The goal of establishing a new, inclusive and balanced development model has helped the group of major emerging economies (BRICS) create a strong attraction, especially for developing countries.

Illustrative image. (Photo: Reuters)
Illustrative image. (Photo: Reuters)

In the context of the world economy's efforts to recover, the BRICS emphasised their commitment to bring about important changes, laying a solid foundation to push the members towards the goal of common prosperity.

The BRICS group of major emerging economies, consisting of Brazil, Russia, India, China and South Africa, is shaping the rules and standards for new members, while an increasing number of countries show interest in joining the group.

China started discussions on the possibility of expanding the group when it served as the Rotating Chair of the BRICS in 2022. At the BRICS Annual Summit held in South Africa in early June, 19 countries expressed interest in joining the group, of which 13 have submitted formal proposals.

Ethiopia, one of the fastest-growing economies in Africa, is the latest country, when it officially proposed to join the BRICS on June 29 and hoped that the group's members would respond positively to this request. Ethiopia will continue to cooperate with international organisations that can protect its interests.

Earlier, Iran also expressed its desire to join the group and hoped that the BRICS would soon decide on the new membership mechanism.

The influence of the BRICS increased dramatically when this group embarked on a plan to create a new type of financial institution, replacing traditional international financial institutions.

Argentina, one of the major economies in South America, said it has received official support to become a BRICS member.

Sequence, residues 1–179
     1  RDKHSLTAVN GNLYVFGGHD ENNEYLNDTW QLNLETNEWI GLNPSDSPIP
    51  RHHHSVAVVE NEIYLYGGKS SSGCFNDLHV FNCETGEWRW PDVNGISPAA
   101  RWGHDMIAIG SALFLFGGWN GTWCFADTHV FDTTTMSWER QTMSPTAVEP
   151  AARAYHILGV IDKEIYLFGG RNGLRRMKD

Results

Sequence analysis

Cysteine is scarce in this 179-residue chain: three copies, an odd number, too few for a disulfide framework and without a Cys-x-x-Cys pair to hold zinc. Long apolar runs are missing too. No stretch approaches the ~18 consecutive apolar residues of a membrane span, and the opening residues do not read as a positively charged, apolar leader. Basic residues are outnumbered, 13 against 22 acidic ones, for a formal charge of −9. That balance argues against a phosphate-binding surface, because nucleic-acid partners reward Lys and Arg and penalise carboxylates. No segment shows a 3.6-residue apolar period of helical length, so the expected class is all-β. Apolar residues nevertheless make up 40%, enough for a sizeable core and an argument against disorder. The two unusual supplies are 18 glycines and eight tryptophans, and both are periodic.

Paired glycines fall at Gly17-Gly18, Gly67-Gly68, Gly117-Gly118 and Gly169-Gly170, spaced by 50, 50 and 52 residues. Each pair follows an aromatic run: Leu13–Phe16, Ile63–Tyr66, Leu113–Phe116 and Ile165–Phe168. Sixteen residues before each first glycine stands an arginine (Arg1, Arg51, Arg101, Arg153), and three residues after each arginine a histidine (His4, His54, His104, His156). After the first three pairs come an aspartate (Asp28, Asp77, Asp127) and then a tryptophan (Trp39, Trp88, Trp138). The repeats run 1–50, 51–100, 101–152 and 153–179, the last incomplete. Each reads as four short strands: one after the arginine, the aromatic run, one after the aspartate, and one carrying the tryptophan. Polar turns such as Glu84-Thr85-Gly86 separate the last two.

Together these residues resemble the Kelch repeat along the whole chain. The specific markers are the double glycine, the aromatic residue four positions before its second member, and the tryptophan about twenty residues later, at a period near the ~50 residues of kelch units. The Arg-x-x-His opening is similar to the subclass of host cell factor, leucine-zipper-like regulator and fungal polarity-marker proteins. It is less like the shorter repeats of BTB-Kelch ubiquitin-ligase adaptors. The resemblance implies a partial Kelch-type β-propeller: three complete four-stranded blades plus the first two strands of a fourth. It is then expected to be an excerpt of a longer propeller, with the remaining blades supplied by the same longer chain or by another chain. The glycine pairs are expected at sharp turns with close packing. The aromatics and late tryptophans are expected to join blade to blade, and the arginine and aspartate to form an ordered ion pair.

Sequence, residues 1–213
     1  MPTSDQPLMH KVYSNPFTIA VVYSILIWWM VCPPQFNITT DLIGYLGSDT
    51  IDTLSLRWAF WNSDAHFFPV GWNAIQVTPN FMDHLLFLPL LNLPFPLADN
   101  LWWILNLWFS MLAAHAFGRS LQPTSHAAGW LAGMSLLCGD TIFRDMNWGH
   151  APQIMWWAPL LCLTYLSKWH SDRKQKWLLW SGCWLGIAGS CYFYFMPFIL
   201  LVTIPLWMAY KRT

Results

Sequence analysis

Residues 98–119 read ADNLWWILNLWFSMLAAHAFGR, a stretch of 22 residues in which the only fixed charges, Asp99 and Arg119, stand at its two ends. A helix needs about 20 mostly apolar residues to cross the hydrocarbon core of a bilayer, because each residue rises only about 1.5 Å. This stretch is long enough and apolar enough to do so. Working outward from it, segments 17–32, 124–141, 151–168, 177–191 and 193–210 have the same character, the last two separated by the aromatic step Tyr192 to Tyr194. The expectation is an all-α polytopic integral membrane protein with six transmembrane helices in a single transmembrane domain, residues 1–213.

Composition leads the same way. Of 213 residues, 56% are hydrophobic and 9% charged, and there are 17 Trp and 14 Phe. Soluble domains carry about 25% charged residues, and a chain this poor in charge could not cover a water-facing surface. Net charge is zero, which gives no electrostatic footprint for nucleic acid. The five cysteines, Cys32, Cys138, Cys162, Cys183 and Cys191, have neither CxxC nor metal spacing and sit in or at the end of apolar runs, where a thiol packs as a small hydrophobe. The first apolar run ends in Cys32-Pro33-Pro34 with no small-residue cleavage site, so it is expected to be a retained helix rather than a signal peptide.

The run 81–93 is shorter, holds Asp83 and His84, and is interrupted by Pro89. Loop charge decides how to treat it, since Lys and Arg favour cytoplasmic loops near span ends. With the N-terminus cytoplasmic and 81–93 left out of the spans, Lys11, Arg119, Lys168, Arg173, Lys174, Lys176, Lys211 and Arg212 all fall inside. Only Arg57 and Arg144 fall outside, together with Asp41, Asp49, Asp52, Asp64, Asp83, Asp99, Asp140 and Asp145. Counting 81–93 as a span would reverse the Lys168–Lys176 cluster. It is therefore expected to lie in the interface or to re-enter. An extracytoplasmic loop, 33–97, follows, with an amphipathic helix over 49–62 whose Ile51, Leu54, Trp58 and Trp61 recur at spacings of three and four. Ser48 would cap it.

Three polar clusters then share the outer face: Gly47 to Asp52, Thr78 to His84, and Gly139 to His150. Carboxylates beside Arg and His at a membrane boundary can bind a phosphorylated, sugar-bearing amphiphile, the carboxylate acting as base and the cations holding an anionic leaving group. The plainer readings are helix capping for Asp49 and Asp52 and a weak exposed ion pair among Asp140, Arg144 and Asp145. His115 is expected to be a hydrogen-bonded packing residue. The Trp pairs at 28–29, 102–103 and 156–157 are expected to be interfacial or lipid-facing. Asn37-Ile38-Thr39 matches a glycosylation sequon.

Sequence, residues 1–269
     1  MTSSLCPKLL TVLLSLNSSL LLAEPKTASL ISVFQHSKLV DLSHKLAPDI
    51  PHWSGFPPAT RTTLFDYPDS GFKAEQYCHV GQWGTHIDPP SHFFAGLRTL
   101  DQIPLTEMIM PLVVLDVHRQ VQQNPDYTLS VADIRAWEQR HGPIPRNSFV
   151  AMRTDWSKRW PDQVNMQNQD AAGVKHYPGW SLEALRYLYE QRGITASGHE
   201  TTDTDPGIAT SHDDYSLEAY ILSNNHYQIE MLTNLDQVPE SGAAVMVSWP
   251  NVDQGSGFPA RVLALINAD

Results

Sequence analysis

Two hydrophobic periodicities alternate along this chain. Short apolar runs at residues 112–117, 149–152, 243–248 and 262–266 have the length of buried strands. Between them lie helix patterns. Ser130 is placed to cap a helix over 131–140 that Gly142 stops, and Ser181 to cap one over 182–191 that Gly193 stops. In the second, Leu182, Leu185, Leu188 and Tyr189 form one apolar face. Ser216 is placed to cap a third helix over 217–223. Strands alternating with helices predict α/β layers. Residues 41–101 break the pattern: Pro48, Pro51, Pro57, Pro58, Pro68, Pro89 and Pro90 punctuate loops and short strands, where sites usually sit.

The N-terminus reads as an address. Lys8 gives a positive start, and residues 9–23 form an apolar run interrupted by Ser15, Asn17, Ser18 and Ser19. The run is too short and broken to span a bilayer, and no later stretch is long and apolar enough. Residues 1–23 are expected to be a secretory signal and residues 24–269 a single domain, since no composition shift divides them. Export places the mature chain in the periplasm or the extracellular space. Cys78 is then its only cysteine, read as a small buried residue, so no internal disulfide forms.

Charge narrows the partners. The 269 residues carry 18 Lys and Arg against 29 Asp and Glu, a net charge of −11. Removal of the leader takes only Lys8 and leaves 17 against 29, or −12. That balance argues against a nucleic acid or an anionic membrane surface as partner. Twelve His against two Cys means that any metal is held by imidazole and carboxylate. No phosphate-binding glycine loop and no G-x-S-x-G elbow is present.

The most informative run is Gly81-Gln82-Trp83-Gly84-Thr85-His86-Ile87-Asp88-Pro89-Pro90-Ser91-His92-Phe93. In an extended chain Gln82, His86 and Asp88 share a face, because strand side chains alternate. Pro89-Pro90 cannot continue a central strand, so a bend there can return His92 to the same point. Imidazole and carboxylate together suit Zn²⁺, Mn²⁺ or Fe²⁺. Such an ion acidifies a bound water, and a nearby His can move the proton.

Algeria assessed that the country's accession to the BRICS will contribute to promoting the country's strategic advantages in terms of geopolitical position, access to new technologies and promoting economic cooperation.

The expansion of BRICS membership to countries such as Algeria will help BRICS shape a new economic bloc, with the strengthening of South-South cooperation, contributing to the rebalancing of international relations that has long been considered to be dominated by the northern states.

The influence of the BRICS increased dramatically when this group embarked on a plan to create a new type of financial institution, replacing traditional international financial institutions.


BRICS members have established the New Development Bank (NDB), to finance infrastructure and sustainable development projects in member countries, as well as other emerging and developing countries. In 2021, the NDB began to expand its membership, adding Bangladesh, Egypt, the United Arab Emirates and Uruguay.

Egyptian economic managers expected that joining the NDB will help Cairo reduce its dependence on the US dollar because NDB members can use the local currency in trade.

The government of Honduras has recently applied to join the NDB, while Myanmar is also considering joining the bank and has expressed support for the BRICS initiative, to promote the use of alternative currencies in international trade.

The BRICS member states make up an economic bloc that accounts for about 30% of the global economy, 26% of its area and more than 43% of the world's population.

According to international economic experts, the admission of more members can help the group continue to expand its market size, diversify industries, and promote trade and investment flows, which contribute to promoting economic growth and integration of member countries.

In addition, the expansion will also increase the influence of group members in the formation of new standards and policies on global governance.

Indian Foreign Minister Subrahmanyam Jaishankar highlighted the importance of reforming global decision-making bodies, asserting that old ways cannot solve new challenges.

With its initiatives, BRICS is gradually becoming an attractive proposition for emerging economies seeking a more equitable global governance system, in which developing countries can participate more deeply in decision-making and policy-making processes.

Source: NDO

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